Study finds mental disorders persist 15 years after youth leave juvenile facilities


Daily file photo by Katie Pach

A Northwestern Medicine study found that psychiatric disorders persist 15 years after youth leave juvenile detention centers.

Jacquelyne Germain, Assistant Campus Editor

A Northwestern Medicine study found that adolescents detained as juveniles with untreated psychiatric disorders struggle long-term with mental health and life stability. 

The report, published in JAMA Pediatrics, focused on the persistence of mental disorders in adolescents 15 years after their release from detention centers, and if these effects varied by gender, race and ethnicity.

“These are not necessarily bad kids, but they have many strikes against them,” Feinberg Prof. Linda Teplin said in a news release. “Physical abuse, sexual abuse and neglect are common. These experiences can precipitate depression. Incarceration should be the last resort.”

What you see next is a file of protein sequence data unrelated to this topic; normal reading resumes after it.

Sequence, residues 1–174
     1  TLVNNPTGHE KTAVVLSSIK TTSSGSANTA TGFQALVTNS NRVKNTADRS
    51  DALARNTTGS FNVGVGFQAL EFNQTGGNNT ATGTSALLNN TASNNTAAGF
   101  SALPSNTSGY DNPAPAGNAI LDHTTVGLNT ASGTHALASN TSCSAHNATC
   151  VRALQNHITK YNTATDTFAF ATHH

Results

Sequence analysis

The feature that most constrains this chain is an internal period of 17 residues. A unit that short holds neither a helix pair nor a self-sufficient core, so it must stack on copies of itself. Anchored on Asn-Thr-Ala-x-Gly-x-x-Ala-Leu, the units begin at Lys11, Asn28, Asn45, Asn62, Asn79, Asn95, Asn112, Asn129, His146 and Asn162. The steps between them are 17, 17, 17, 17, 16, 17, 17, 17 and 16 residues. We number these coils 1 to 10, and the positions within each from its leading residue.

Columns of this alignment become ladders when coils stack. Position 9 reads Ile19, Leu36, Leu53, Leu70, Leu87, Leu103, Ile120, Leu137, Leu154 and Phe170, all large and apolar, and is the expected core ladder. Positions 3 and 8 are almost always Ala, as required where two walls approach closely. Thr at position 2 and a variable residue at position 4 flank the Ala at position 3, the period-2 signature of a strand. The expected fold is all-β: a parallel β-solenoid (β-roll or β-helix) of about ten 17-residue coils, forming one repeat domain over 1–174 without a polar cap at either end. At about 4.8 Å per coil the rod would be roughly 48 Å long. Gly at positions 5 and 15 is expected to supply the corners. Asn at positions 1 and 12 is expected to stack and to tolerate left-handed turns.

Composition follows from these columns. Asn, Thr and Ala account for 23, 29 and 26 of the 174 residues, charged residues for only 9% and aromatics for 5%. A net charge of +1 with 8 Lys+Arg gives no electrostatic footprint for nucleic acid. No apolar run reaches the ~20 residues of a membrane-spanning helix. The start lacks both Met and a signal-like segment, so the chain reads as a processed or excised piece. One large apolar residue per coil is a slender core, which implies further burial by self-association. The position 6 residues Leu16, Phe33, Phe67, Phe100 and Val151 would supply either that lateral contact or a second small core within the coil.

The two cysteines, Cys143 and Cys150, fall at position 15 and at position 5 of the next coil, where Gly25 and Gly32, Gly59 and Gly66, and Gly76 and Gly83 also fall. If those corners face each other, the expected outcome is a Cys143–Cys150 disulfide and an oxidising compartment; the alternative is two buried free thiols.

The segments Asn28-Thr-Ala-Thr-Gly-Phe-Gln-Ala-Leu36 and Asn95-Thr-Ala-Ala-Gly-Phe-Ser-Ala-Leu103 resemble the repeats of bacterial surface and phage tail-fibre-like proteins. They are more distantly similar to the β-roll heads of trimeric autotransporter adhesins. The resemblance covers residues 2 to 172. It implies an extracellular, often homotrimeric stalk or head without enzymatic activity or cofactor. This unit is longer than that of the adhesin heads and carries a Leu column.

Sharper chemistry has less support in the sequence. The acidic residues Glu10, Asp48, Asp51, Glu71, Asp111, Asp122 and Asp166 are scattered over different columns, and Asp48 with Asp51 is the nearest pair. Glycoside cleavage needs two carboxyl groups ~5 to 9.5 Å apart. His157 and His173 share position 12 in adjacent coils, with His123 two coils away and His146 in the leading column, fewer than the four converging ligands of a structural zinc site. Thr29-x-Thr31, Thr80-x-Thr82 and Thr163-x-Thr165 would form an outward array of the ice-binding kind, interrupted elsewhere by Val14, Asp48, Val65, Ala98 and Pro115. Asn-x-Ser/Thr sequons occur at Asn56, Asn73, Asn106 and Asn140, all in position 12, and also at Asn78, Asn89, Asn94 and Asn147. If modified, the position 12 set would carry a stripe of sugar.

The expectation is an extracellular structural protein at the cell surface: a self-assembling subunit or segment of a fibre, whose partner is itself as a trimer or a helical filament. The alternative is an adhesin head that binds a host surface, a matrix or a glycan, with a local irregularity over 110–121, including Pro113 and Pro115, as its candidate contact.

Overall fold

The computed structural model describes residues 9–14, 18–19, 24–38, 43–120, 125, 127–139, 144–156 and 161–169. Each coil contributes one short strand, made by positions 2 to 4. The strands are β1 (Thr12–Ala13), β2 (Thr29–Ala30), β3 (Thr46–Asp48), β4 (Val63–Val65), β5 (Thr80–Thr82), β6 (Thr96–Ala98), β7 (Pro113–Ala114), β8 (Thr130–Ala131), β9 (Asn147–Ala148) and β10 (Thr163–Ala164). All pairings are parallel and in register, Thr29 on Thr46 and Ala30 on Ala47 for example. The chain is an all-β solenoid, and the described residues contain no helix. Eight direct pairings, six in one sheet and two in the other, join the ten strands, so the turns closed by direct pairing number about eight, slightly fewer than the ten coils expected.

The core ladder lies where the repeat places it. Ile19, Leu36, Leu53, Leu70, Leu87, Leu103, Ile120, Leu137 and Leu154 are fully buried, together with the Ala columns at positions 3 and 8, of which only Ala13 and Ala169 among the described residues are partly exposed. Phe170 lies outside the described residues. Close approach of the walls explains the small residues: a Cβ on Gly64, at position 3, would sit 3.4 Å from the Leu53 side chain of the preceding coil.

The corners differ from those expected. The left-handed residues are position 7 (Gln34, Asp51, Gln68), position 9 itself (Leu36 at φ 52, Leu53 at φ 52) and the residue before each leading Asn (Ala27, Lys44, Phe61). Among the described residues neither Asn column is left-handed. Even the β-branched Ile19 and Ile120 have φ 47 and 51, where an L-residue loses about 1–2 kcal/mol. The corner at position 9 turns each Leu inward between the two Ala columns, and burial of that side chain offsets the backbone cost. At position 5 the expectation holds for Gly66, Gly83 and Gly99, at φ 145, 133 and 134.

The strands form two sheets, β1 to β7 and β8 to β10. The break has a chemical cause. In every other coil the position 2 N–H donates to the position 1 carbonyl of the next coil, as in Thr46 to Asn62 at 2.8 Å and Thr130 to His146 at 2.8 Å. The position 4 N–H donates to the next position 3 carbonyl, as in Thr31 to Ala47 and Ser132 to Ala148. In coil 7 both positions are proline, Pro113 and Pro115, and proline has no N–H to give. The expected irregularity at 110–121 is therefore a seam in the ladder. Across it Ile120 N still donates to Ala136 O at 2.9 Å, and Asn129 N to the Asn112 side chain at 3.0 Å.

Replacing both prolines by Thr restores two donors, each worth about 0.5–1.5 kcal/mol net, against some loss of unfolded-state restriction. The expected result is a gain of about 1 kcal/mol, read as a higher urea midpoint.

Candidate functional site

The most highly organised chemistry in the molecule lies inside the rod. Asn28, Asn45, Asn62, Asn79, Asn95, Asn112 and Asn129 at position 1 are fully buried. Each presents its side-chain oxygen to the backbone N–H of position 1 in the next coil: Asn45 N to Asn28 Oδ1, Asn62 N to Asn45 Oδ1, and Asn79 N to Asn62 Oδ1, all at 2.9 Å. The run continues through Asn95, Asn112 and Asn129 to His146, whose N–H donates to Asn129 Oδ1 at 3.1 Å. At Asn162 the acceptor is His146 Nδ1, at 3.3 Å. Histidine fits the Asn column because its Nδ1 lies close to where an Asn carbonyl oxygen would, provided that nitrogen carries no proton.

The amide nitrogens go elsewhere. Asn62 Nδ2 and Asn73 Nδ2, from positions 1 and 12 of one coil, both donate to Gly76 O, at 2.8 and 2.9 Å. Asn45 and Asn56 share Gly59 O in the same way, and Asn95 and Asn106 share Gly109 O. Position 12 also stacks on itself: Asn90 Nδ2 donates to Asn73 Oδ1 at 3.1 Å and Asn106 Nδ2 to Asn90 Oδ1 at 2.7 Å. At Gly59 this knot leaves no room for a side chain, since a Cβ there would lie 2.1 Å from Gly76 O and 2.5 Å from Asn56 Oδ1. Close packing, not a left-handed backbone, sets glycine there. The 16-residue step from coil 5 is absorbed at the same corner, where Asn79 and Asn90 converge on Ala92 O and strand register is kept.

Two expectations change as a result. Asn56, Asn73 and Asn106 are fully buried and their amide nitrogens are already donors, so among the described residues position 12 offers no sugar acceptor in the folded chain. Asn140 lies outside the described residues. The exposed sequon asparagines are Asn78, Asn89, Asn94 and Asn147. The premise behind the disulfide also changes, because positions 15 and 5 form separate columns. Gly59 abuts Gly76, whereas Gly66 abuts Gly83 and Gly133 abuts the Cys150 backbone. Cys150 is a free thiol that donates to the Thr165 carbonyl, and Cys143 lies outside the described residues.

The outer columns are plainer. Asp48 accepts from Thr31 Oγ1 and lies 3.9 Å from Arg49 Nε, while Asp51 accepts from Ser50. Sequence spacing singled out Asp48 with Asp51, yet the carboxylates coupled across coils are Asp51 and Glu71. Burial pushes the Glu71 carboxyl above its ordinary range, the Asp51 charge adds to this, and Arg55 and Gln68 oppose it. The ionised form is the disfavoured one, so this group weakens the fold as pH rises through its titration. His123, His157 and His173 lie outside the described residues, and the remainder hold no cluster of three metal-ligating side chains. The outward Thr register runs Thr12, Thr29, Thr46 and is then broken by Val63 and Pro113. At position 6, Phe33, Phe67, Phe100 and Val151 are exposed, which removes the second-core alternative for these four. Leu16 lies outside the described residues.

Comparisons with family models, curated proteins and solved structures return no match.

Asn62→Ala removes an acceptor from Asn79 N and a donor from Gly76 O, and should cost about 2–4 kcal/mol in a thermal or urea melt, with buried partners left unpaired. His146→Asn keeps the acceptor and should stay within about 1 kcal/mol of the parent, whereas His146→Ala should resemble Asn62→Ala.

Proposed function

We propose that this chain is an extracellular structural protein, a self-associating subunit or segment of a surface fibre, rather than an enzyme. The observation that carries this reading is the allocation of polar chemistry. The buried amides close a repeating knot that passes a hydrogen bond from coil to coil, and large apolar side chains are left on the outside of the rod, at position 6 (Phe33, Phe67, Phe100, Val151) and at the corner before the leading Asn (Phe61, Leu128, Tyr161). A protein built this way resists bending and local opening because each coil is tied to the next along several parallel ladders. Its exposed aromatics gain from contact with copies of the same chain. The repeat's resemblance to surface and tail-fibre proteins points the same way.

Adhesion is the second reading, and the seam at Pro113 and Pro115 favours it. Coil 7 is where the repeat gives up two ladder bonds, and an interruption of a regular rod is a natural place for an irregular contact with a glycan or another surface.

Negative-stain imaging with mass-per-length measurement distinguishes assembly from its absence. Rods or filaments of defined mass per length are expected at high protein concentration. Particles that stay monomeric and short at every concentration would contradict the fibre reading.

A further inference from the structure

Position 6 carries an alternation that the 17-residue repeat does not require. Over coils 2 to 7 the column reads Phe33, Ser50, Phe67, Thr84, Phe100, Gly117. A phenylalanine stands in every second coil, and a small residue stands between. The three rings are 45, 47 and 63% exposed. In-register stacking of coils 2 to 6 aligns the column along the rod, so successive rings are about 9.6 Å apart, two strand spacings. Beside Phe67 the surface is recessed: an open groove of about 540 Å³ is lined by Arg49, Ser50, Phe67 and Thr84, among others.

Mental health struggles contribute to existing socioeconomic disparities, making the transition into adulthood difficult, according to the release. While wealthier adolescents also struggle with drug use and violence, Teplin said these issues are often dealt with informally and rarely result in arrest and detention. 

The study also found men were over three times more likely than women to have persisting psychiatric disorders. Feinberg Prof. Karen Abram, a co-author of the study, said in the release this may be because women become more family-oriented as they age, making positive social relationships crucial to mental well-being. 

Additionally, the study found that behavior and substance abuse issues were the most common disorders among the formerly incarcerated youth 15 years after leaving detention centers. 

Compared to Black and Hispanic adolescents, non-Hispanic White youth were 1.6 times more likely to have behavioral disorders and more than 1.3 times likely to experience substance abuse disorders following their release, according to the study. 

“We must expand mental health services during detention and when these youth return to their communities,” Teplin said. “We must also encourage pediatricians and educators to advocate for early identification and treatment of psychiatric disorders.”


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